Morris: not sure about that. I think not. Yeah. Okay. Alright. But this is great though.

Jennifer: It's, and it's so great and this is such a great facility to have an event

Morris: at.

Yeah. I really like it. And it, a nice thing about this is also interacting with people who are in the phase of doing the testing, whatnot, and they're. They're nervous when they're doing the test and this is much more relaxed and you can sit down and talk to 'em and say, consider this next time.

Brush up on your disease identification brush up on the way you pull frames out of the hive. It's a more relaxed situation than I think it's more conducive to learning uhhuh.

Jennifer: Fantastic. Thanks for taking the time to talk with me. Okay. Alright. Thank you. Enjoy the day.

Andony Melathopoulos: So thanks.

You too.

Jennifer: Okay. Hi Tanya. How you doing? I am doing [00:16:00] fantastic. How are you today? I'm doing great. And you are in. I am in

Tania: the OSU master beekeeping program. I am in the second level, the journey level. Yeah. And today we're

Jennifer: taking our tests and I am really excited to tell you past both tests.

Andony Melathopoulos: I'm very excited to tell you that.

I'm very excited to hear

Jennifer: that. I'm glad I caught that on air.

Andony Melathopoulos: That is the best piece. All summer. That's my summer

Jennifer: right there. Tell us how you prepared for the exam. How you, how did you get to this victory?

Tania: Oh my goodness. I've been studying a lot, Uhhuh. Cause there is a lot of material that, that you need to cover.

So of course I went through all the material within the program. Yeah. Which is two books. Two full books textbooks. All the videos that we have. Uhhuh, I did cue cards for myself. I've taught all my friends and family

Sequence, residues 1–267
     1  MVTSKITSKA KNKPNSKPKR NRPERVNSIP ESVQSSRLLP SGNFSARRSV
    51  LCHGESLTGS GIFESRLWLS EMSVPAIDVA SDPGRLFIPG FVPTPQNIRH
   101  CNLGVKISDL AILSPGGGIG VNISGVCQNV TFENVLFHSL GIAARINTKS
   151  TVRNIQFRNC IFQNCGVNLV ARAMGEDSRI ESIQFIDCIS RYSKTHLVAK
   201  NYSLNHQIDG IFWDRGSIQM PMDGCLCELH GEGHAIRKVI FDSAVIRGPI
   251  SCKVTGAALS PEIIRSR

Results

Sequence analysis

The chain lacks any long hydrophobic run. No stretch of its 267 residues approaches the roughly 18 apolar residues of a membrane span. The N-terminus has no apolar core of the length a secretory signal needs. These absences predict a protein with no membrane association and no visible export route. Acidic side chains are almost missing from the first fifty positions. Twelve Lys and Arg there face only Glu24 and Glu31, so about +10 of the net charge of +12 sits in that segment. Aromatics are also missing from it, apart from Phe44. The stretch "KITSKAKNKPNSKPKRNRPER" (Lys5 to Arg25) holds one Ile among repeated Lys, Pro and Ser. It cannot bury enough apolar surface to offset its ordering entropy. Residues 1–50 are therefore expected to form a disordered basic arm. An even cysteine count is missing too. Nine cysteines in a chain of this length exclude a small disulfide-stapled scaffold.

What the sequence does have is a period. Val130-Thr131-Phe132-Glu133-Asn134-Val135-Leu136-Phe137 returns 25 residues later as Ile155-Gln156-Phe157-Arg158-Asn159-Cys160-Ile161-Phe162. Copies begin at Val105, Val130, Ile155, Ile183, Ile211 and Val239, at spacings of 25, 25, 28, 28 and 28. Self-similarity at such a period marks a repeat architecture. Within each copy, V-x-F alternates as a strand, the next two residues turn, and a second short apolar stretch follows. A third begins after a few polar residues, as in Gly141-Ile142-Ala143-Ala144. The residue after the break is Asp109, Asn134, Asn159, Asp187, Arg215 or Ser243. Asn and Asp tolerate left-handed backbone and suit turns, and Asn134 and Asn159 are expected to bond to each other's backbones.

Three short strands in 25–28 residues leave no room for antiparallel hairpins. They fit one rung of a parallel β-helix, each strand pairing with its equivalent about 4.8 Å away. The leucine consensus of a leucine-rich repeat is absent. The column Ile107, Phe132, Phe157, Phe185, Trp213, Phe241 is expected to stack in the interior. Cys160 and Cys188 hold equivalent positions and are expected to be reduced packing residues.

Andony Melathopoulos: the cue cards and repeated them over and over.

Tania: And I've been volunteering with a couple of different apiaries to just get my form [00:17:00] inspecting the hive.

Just a really good form and learning from as many beekeepers it's, I

Jennifer: can. What

Andony Melathopoulos: advice do you have for people who are

Jennifer: going up for the tests?

Tania: Love what you're doing. Yeah, do it. Love. There's a lot to learn and there will always be a lot to learn, but if you're having fun, it makes it so much easier and enjoyable.

It, we're doing this for fun. So enjoy every minute of

Jennifer: it. On behalf of the thousand listeners or so of pollination, congratulations. Thank you so much. Thank

Andony Melathopoulos: you so much. Thank you so much for listening. Show notes with links from each episode are available at the website pollination podcast dot Oregon state.edu.

I also love hearing from you, and there's a form at the website where you can pop in and say hello and give me feedback. If you wanna support the show, remember to leave a rating on iTunes, Spotify, a, whatever podcast mothership you use. And finally, if you have the means and you wanna help support my lab's effort to document B Biodiversity organ visit.

Oregon be atlas.org and follow down to the donate button [00:18:00] where you can make a tax deductible donation to the Jerry and Judith Paul native pollinator endowment. Every little bit helps. See you next episode.

Beekeeping takes a lot of training and mentorship. In many states, the place to learn the finer points of this trade is in state Master Beekeeper programs. We hear about the Oregon program through its annual field day.

Oregon Master Beekeeper Program web page

Source URL: https://extension.oregonstate.edu/podcast/pollination-podcast/239-oregon-master-beekeeper-field-day